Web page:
Bird is the word


Mallorey Daunhauer

New motorized “Bird” scooters parked across the sidewalk on Kirkwood avenue.

Tommy McEvilly, Staff Writer

Going for a stroll in Bryan Park? There they are. Heading to the library to study? There they are. Sitting in your fourth period and looking through the window? Yes, there they are. Over the past few months, a new craze has hit the town of Bloomington, and it doesn’t seem like it’s going away anytime soon.

Bird and Lime are two “reliable last mile electric scooter” companies, and it seems as though just about every college student is jumping on the bandwagon. While Bird and Lime are separate companies, both set of scooters arrived in Bloomington around the same time and  have similar goals in the community. While they may resemble a childhood toy that you would ride around the neighborhood, these new electric scooters reach up to 15 mph and come with a small fee.

After downloading the Bird or Lime app, users must unlock the scooter and pay a $1 flat fee plus 15 cents per mile that the user travels. Neither company has a home base or rack for the scooters to eventually return to, as they remain where left until used by another person. In a college town like Bloomington where over 48,000 students are left to either take the city bus or walk to class, the arrival of alternate transportation methods like Bird and Lime scooters is convenient and beneficial.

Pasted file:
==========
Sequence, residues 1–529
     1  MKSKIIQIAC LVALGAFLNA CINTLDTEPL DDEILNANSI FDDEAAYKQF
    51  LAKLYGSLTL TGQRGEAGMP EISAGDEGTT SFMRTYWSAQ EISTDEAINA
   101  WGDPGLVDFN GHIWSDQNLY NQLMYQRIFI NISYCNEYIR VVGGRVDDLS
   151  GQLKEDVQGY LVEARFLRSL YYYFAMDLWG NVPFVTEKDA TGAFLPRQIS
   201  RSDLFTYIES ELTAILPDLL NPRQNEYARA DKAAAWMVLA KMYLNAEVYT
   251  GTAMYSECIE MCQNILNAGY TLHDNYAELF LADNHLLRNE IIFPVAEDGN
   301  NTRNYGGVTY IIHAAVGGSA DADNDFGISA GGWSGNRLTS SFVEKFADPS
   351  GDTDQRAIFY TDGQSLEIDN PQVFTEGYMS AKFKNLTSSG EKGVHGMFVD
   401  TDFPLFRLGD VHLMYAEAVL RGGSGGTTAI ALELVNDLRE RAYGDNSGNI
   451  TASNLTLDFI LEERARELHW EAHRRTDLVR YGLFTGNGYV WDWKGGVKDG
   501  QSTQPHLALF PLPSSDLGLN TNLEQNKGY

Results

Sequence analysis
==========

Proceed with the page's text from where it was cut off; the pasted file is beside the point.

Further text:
While many people benefit from the addition of the scooters, safety has become a substantial issue around town. Mayor John Hamilton tweeted at the arrival of Lime scooters,“Be safe: use a helmet. Not on sidewalk. 18 and over. And don’t park them in a right of way. Mobility options are good. Let’s enjoy these new ones.”. The city is embracing all the positives that these companies are able to provide, but the scooters have already created their fair share of issues.

On Oct. 20, the first electric scooter accident occurred, nearly a month after the initial arrival. An unnamed male student at Indiana University was riding a scooter and fell off, sustaining a severe head injury. The student stopped breathing and received CPR from bystanders until responders arrived and transported him to IU Health Bloomington Hospital. Aside from this accident, several Bloomington residents are frustrated with the improper treatment of the Birds and Limes.

“I think that they have the potential to be useful, but they have to be handled in the right way. I feel like a lot of people are making it very dangerous for themselves and for others,” senior Noah Moore said.

With many college students being in a hurry to get to class, work or restaurants, many students run the risk of injury by not following traffic laws or city laws for the scooters. Over 200 scooters from both  companies have been impounded after being illegally parked in a variety of places around town.

“The scooters help people get around to classes or go grocery shopping. They’re a good alternative for people that don’t have cars to drive around town in.” senior Yash Patel said.